HARLINGEN — “Can I get on? Can I get on?”
The children at Travis Elementary School leaned close toward the all-terrain vehicle where U.S. Border Patrol Agent R. Rocha carefully placed a helmet over eager faces.
“My head is too big,” said Jason Martinez, 9.
“Is it?” replied Rocha. “Try this one on.”
Border Patrol agents brought their jobs and “assets” to the Travis playground Friday where a pair of horses, a boat and a K-9 unit awaited the children’s eager explorations. Several agents with the Border Patrol Community Liaison Unit spent the morning with the kids, talking about their jobs and how they use their equipment.
“Our goal is to maintain a good relationship with our community and our schools,” said Agent Eli Castellanos. “Our goal is to maintain community awareness of what agents’ duties are.”
The opportunity for new experiences sent a thrill through the kids, who eagerly gravitated to one attraction and then another.
“This is my first time seeing a horse,” remarked Adonis Herrera, 9, as classmates crowded around one horse and then another.
Certainly the horses had seen rough terrain, serving as mounts for agents patrolling harsh country away from traveled roads. However, Friday morning the gentle beasts stood quietly as the children with wide eyes and tender hands became acquainted with them. Kbay, one of the horses, bowed his head as if in humble gratitude as children petted him.
“It’s really nice, actually,” said Kyarah Medrano, 11.
“I get to see all the animals and how they work,” she said. “I think it’s pretty cool. We get to see everything.”
Travis Elementary has had a partnership with the Border Patrol for several years, the only one of its kind in Cameron County, said Principal Beulah Rangel.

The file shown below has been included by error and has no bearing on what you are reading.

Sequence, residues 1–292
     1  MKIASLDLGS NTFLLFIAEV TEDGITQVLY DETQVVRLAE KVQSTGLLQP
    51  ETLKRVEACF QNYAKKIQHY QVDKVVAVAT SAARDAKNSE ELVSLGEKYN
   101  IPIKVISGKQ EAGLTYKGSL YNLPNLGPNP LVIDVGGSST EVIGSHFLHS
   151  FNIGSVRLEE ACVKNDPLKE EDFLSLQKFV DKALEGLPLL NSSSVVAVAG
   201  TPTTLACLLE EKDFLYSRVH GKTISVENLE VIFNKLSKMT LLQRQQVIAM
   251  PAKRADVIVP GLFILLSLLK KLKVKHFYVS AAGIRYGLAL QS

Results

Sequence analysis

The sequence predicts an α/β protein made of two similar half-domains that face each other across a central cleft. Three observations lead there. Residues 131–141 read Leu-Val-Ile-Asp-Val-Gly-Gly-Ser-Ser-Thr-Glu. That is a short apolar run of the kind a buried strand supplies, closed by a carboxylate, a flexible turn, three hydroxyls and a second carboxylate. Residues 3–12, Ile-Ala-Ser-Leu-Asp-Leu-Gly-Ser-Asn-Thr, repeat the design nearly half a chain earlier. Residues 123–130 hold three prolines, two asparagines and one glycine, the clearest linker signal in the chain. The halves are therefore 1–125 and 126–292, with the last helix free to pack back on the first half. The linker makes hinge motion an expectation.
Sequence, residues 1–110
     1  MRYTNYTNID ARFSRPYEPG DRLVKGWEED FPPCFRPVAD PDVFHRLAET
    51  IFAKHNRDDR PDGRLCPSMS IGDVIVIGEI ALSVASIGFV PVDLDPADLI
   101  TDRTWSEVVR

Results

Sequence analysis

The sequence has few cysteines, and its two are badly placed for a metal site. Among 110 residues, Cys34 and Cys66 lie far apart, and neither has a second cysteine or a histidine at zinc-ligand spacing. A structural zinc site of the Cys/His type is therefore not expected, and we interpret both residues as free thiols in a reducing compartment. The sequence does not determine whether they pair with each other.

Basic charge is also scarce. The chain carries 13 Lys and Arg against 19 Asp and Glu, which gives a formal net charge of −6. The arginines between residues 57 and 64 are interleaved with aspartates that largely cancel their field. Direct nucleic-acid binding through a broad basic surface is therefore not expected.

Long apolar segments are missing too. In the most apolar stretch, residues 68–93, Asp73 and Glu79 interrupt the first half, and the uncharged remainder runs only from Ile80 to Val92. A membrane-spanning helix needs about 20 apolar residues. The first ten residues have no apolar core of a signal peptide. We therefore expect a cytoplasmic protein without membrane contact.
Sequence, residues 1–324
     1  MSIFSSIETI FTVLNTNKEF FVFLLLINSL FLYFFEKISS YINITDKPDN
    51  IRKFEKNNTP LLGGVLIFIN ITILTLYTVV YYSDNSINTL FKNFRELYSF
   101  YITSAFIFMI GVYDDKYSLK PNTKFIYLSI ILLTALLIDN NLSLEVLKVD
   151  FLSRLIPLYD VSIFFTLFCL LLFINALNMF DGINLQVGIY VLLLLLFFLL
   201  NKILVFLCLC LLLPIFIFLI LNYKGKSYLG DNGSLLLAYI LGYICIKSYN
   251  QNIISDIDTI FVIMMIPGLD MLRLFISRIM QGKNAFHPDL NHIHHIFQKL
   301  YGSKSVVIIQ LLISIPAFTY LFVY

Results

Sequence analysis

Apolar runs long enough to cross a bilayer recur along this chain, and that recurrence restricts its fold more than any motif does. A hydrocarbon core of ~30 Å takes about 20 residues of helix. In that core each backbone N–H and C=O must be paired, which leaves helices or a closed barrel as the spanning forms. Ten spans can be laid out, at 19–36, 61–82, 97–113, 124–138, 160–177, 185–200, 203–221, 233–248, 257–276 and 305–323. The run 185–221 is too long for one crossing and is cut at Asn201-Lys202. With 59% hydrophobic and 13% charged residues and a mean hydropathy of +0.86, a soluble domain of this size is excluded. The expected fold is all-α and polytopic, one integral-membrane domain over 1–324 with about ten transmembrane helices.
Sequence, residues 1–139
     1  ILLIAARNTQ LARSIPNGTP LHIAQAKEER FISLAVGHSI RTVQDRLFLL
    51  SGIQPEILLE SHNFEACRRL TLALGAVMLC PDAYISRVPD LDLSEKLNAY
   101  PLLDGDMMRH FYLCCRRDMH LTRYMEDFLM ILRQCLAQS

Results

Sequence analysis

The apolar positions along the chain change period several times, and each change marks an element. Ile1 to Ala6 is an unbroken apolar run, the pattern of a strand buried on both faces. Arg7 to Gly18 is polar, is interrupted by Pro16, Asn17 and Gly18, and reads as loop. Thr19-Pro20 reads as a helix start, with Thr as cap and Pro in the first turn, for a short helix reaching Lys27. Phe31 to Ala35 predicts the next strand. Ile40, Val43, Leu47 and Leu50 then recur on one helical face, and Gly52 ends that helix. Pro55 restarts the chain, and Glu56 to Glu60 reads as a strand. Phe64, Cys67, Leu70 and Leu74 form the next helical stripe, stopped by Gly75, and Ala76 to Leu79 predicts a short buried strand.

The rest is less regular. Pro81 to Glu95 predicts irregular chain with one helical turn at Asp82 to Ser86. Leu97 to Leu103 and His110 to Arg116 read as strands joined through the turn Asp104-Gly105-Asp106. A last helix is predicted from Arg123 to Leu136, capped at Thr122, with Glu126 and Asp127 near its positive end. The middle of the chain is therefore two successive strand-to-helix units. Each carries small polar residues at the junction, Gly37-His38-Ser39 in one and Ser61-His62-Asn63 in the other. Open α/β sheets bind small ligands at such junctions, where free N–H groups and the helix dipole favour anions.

“I want my students to be exposed to careers at an early age,” she said as still more children arrived on the playground. They gathered around a patrol boat or the playful animal that was part of the K-9 unit and asked agents a continuous stream of questions.
“I want them to be thinking about what they want to do when they grow up,” Rangel said. “I want them to see the agents as good guys. Yes, they carry guns, they patrol our borders. But they are people just like us and they work hard like we do.”
Agent E. Rocha seemed invigorated by all the youthful clamor and curiosity, that kind of feverish curiosity which can only come from the discovery of things fresh and new.
“I love it when they ask questions,” Rocha said. “We encourage it.”
Agent E. Martinez spoke to the kids about the patrol boat parked on the playground. He used to be part of a unit that uses boats to patrol the Rio Grande, and he was delighted by the students’ enthusiasm.
“They want to get on,” he said. “I’m really excited for the kids. A lot of kids have never experienced being on a boat, never seen a horse. Some have never touched a big animal like that, or ATVs.”
For some, the event offered a chance to explore something new, to discover it for themselves. For others, it was a chance to build on previous experiences.
“I love it, I love it,” said Marie Ruelas, 10, as she ran her hand across Kbay’s nose.
“I love the horses,” she said. “They are adorable.”
She had thought Border Patrol horses would be more rough around the edges, considering their precarious occupations.
But … “They are tough horses but they are just the same as the rest,” she said with pointed eloquence.